Online Exclusives

Follow the Leader

By Tom Branna, Editorial Director | January 22, 2013

Procter & Gamble may be 175 years old, but its new innovation program has company executives thinking like a startup.

After 175 years, Procter & Gamble was beginning to show its age. Sales were disappointing, growth strategies in emerging markets were failing and costs were out of whack. Things got so bad last year that institutional investors were calling for P&G CEO Bob MacDonald to step aside and let someone else steer a ship that had become so large, many feared it would be unable to maneuver around an increasingly complex household and personal products industry landscape. Some even suggested that it was time to break up this $84 billion behemoth into more manageable business units. Could the company that gave the world brands such as Tide, Febreze and Pampers stay nimble enough to innovate?

That’s probably not what William Procter, a candle maker, and James Gamble, a soap maker, envisioned when they arrived in Cincinnati, married sisters and founded Procter & Gamble in 1837. Ivory, the floating soap, hit the market in 1879. According to company historians, Ivory was developed after company executives uncovered the consumer insight that soap was hard to find at the bottom of the washtub. It was the first breakthrough brand for a company that would go on to invent the term “category building.”

The Ivory Towers of P&G’s headquarters in Cincinnati.
P&G’s global reach is legendary, but the company didn’t enter it’s first market outside the US until it pushed into Canada in 1915; the UK was added in 1930, and Latin America and Western Europe soon followed. In 1935, P&G entered Asia and in the 1950s, Africa was added. In 1964, Happi’s first year of existence, P&G set up shop in India. Today, P&G products can be found in more than 180 countries around the world and has more than 25 billion-dollar brands.
A 1965 print ad for Secret deodorant spray.
Aside from product development, P&G is credited with creating modern marketing, with innovations such as print advertisements in the 1890s to radio spots in the 1920s. More specifically, in 1924, P&G became the first company to conduct deliberate, data-based market research with consumers in an effort to understand their wants and anticipate their needs. In 1941, P&G became one of the first companies to establish a consumer relations department to handle consumer complaints. One of the world’s best pitchmen, Charmin’s Mr. Whipple (aka George the Grocer), debuted in 1964. Toll-free numbers were added in 1973 and email debuted in the 1980s.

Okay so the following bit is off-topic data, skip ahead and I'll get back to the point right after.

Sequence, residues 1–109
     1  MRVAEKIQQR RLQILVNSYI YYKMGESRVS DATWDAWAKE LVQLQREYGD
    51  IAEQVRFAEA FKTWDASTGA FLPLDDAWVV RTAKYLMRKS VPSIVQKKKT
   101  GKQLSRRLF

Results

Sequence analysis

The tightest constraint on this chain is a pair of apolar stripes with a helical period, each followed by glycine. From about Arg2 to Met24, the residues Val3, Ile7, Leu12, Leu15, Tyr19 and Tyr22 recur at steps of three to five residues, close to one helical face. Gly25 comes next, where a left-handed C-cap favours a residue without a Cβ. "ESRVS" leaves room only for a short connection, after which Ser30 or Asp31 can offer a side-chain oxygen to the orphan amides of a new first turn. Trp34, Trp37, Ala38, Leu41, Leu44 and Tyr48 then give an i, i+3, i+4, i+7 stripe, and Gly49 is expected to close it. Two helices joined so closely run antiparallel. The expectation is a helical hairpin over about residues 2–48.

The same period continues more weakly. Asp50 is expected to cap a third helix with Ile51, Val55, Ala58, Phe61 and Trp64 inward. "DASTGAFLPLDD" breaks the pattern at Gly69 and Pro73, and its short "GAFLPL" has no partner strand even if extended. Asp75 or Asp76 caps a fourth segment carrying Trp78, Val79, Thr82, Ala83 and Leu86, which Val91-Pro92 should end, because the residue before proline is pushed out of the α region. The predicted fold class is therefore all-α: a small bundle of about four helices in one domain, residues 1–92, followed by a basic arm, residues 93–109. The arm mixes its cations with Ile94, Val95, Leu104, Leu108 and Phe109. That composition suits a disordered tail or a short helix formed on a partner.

Brand Building

Innovations the all are, but P&G’s long-term success has always depended on the new products that roll out of its R&D labs.Following the launch of Tide in 1946, P&G launched Crest, the first fluoride toothpaste, in 1955. The company made a major acquisition in 1957 when it purchased Clorox. Pampers, the first mass market disposable diaper, came along in 1961. In 1966, P&G introduced Scope mouthwash and Gain detergent. Biz detergent came along in 1967, and Olestra and Pringles came to be in 1968.

A replica storefront at P&G’s Beckett Ridge Innovation Center homage to the company’s soap-and-candle roots.
But Procter & Gamble lost one of its best-known brands in 1969 when it was forced to divest Clorox following an anti-trust ruling. At the time of the 1957 purchase, the Federal Trade Commission challenged the Clorox acquisition on the grounds that it might reduce competition or tend to create a monopoly in household liquid bleaches, a violation of the Clayton Act. Even though Procter & Gamble allowed Clorox to handle its own affairs, in 1967 the U.S. Supreme Court upheld the commission's order that Procter & Gamble divest itself of the Clorox operation. By 1969 Clorox had been spun off as a public company, with a listing on the New York Stock Exchange. In 1972, Bounce softener was introduced, and a year later, P&G acquired The Nippon Sunhome Company and began operations in Japan.